In an exemplary implementation, each node uses the cached version vectors of its partner peers to determine whether it is warranted to update a certain partner peer with its most recent version vector. For example, if there is a link from node B to node A, “B→A”, in the synchronization overlay 502, the link signifies that node B is responsible for informing node A of any updates to the version vector of node B. Node B caches the most recently received representation of node A's version vector, which may be summarized as a combination of the high watermark and/or hash of node A's version vector. At any moment, if B's current version vector is the same as the cached version vector of node A (which may be determined by comparing the hashes), there is no need to establish a connection between nodes A and B. However, when node B's current version vector is different from the cached version vector of node A, node B will update node A with node B's current version vector, and seek to establish a connection to node A.
In an exemplary implementation, when node B updates node A with its current version vector, node B sends the high watermark (WMB) and hash maintained by node B to node A. This enables node A to compare its high watermark (WMA) and hash with node B's high watermark and hash to determine whether or not synchronization of the two nodes is warranted. In an exemplary implementation, by sending the high water mark and the hashed version vector via a short notification message, establishment of a heavyweight connection (e.g., a TCP connection, an HTTP connection, a UDP connection, and the like) between the two nodes may be avoided unless and until it is determined that a synchronization between the two nodes is warranted.
In an exemplary implementation, each node of a circle share generates a dynamic overlay structure that represents the current connections between nodes of the circle share. As described above, along with presence data, node characteristics (e.g., upload bandwidth, download bandwidth, network proximity, connection type, etc.) are also transmitted via short notification messages when a node comes online. While the version vector data can be used to determine which nodes may synchronize with one another, the dynamic overlay structure and the node characteristics data can be used to determine which nodes should synchronize first, in order to efficiently distribute file synchronization events to all members of the circle share.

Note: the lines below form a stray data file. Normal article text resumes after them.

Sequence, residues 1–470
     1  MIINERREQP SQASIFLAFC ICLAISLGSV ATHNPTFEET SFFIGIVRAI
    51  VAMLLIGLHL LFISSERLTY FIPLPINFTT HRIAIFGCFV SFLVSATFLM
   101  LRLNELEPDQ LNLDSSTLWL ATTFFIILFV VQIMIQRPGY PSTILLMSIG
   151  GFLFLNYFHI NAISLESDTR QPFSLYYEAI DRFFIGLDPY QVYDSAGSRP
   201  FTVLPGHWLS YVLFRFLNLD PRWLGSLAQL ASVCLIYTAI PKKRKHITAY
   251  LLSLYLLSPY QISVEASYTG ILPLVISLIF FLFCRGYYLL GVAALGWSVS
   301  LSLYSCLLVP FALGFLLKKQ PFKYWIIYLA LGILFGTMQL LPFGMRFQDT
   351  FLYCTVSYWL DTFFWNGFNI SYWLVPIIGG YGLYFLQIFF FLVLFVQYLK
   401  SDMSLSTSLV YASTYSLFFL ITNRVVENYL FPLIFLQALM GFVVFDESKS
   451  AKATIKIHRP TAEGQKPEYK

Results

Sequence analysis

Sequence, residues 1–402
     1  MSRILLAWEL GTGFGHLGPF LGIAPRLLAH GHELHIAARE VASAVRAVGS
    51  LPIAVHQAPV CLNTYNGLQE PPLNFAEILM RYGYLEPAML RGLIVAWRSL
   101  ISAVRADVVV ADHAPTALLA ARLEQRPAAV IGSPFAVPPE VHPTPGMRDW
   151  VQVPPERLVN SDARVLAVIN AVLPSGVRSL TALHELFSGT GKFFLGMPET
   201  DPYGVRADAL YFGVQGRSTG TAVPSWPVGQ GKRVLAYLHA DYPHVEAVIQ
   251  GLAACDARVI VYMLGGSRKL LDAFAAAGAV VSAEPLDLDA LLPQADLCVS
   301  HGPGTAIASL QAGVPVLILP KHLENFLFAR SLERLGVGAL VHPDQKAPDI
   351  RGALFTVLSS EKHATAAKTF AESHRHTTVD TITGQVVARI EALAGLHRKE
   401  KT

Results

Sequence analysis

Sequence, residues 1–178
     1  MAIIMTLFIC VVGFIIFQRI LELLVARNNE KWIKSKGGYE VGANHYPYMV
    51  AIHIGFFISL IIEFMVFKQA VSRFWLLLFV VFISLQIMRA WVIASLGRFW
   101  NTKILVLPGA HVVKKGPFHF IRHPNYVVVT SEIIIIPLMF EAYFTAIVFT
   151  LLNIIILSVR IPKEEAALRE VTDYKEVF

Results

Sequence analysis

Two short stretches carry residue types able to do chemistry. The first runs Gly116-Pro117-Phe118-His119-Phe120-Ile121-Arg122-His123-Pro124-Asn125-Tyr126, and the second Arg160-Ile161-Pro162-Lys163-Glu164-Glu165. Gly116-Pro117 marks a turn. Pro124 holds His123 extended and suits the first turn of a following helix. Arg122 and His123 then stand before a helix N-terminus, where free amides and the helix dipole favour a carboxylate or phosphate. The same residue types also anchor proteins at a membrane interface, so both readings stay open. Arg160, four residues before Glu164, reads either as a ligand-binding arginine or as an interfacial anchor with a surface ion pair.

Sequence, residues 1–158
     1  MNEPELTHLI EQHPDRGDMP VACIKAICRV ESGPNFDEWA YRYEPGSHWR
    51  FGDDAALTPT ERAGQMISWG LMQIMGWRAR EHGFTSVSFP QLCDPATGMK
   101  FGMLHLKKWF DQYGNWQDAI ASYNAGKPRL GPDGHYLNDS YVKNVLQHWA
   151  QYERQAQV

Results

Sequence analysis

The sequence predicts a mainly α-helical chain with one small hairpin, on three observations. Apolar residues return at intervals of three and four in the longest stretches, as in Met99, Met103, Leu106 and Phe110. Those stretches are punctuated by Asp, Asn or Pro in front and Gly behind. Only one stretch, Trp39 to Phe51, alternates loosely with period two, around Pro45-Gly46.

Accordingly, when a node comes online, generation of an overlay graph may include determining one or more finger ranges and determining which node within each finger range to select. The techniques illustrated and described herein are merely examples, and it is to be appreciated that any number of techniques may be used to generate an overlay graph, to determine finger ranges, and/or to select nodes within the determined finger ranges.
In an exemplary implementation, node selection for synchronization is based on two goals—first, a given node desires to pull data from the node that will give the most utility per second; and second, a given node desires to push data to the node that can derive the most utility per second. The utility per second of a receiving node may be based on any combination of the immediate appreciation of the data at the node; the node's capacity to upload the data to other nodes; and the node's upload link speed. As an example, a node with a DSL connection would be preferred over a node with a dial-up connection based on both the node's upload link speed and the node's capacity to upload the data to other nodes.
Any number of factors may be used to determine a particular node's utility with respect to synchronization in comparison to the utility of another node. For example, one factor may be a particular node's ability to redistribute file synchronization events once synchronized. In other words, a node with a faster connection and/or more available upload bandwidth would be more desirable than a node with a slower connection and/or less available upload bandwidth. A second factor may be a node's current synchronization status. For example, if a node is currently synchronized with the other available nodes, then that node has nothing to offer the other nodes in the way of synchronization. Sending new file synchronization events to that node will increase that node's utility, making it no longer synchronized with the other nodes, and able to redistribute those new file synchronization events. Another factor may be the rareness of the file synchronization event to be sent. For example, sending a file synchronization event that has already been sent to most members of the circle share may be considered less urgent than sending a newer file synchronization event of which fewer members of the circle share are currently aware. Yet another factor may be the intrinsic value of a file synchronization event to a receiving node. For example, a user at the receiving node may be more interested in synchronizing files originating from one node than from another node. Accordingly, by selecting synchronization partners based on node characteristics and version vector data transmitted along with the presence data, in conjunction with a structured overlay graph representing the circle share, efficient distribution of file synchronization events can be achieved.
Version vector store 702 is configured to maintain records of file synchronization events associated with shared files. In an exemplary implementation, version vector store 702 maintains file synchronization events initiated by the local node as well as file synchronization events initiated by other nodes in the circle share.
High watermark generator 704 is configured to extract data from version vector store 702 to generate a high watermark of the current node's version vector as described above with reference to